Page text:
Hamilton Grange National Memorial

287 Convent Ave
New York NY 10031
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In 1802, Alexander Hamilton built a country home in the pastoral fields of a neighborhood now known as Hamilton Heights. It was the only home he ever owned, and is where he resided when he famously lost his life in a duel with Aaron Burr. American history lovers will appreciate Hamilton's Federalist style home, and it's also off the beaten path for people who want to see a more residential, quieter face of New York City.

Parking and public transportation at Hamilton Grange
Parking may be difficult in this neighborhood; public transportation is the most convenient option. Take the 1 train to 137th Street, or the A,B,C, or D to 145th Street. Several city buses also serve the area.

Best and worst time to go to Hamilton Grange
The restored period rooms on the second floor can be toured only with a park ranger present, so visits should coincide with those slated times, or with one of the guided tours that take place throughout the day. School groups are given priority on Wednesday through Friday mornings. Call ahead during these times to confirm that you'll have access to the upstairs rooms.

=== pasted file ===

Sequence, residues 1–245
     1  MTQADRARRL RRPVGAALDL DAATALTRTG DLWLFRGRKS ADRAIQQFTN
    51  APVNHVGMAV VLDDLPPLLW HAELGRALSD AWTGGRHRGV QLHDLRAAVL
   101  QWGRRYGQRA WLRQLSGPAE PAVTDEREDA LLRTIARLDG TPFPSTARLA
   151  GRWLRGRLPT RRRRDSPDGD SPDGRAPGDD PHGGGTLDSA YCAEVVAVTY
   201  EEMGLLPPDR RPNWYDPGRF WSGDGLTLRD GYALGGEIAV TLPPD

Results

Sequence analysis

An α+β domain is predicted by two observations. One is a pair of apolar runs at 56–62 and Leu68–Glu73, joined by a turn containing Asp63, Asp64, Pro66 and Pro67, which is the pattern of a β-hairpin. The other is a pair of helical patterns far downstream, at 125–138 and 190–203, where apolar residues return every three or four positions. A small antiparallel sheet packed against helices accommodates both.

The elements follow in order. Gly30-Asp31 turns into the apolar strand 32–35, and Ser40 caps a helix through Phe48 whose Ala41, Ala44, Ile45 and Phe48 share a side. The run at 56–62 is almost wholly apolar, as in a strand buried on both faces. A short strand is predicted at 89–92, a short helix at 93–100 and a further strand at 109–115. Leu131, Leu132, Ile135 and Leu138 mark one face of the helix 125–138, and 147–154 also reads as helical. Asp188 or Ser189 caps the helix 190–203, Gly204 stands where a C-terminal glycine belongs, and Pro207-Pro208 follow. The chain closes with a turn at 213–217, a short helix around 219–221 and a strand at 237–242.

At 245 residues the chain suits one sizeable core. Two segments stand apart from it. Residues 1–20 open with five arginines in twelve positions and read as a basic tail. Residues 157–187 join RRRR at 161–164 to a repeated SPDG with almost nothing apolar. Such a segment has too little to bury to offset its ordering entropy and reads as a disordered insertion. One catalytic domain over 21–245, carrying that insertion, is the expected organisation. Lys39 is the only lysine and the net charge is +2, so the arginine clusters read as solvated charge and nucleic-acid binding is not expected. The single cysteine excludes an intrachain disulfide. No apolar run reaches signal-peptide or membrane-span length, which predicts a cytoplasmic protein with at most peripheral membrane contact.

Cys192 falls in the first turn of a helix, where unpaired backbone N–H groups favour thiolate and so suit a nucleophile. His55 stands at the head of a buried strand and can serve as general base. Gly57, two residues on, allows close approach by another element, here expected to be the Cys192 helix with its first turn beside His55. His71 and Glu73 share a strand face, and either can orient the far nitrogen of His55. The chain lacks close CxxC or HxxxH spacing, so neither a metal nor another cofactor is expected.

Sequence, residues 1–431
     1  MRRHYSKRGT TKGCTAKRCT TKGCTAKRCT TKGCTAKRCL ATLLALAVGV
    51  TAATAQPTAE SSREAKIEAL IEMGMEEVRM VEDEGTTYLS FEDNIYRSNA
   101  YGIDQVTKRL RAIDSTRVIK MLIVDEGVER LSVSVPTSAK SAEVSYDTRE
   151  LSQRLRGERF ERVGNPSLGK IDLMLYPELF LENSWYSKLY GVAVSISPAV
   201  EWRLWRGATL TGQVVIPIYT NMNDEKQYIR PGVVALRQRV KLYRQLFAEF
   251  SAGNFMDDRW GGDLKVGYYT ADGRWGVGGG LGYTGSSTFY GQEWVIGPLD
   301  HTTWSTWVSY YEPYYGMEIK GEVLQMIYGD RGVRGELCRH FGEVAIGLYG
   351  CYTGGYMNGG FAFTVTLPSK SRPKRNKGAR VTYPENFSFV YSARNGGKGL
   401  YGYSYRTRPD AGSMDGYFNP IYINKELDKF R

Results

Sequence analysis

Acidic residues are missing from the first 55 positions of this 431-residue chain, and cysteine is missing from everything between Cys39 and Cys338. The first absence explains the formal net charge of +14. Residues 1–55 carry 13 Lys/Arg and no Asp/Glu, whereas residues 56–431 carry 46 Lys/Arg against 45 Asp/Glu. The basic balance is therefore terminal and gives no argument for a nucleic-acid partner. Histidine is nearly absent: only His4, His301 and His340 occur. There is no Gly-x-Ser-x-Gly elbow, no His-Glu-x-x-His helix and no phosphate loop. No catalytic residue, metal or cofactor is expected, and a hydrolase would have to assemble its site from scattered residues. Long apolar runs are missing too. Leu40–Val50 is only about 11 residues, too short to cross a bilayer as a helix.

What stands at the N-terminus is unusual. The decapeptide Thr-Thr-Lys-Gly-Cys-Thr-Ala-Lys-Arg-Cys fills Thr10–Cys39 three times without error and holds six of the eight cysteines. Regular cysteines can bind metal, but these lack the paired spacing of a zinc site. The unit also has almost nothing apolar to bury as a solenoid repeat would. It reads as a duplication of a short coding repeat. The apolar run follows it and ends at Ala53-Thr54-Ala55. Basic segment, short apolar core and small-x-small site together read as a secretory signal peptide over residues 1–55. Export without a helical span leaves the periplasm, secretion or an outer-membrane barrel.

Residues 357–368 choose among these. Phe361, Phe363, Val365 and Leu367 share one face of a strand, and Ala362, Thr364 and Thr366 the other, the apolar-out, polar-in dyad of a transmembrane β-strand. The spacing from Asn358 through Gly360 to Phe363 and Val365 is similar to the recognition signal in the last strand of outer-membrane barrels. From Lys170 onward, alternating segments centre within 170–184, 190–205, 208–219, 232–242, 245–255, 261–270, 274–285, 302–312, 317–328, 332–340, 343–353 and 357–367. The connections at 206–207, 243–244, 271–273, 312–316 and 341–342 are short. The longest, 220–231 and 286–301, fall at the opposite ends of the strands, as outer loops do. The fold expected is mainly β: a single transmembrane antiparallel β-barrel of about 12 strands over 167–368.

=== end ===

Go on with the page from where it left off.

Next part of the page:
Admission to Hamilton Grange
Admission and tours are free.

Must see/do at Hamilton Grange
The ground floor features an exhibit and film, which recap Hamilton's sometimes forgotten legacy. Plan to spend about 30 minutes here before touring the second floor, where some artifacts on display were actually used by the Hamilton family. Another short film is shown upstairs, which describes how the house was moved in 2008 to its current location.

Other places to visit near Hamilton Grange
Morris-Jumel Mansion is New York City's oldest house, where Hamilton attended a cabinet dinner hosted by President George Washington. City College is a scenic campus more than a century old, and The Grange Bar & Eatery is a popular local restaurant.

Insider tip for visitors to Hamilton Grange
In addition to his home, New York City has many monuments to Hamilton, including a granite statue in Central Park, the U.S. Custom House in Lower Manhattan, and a bronze statue that sits on the original site of the Hamilton Grange.

Author's bio: Michele DeBella is a freelance writer based in New York City. She loves the history of Upper Manhattan, which also happens to be her neighborhood. Follow her on Twitter.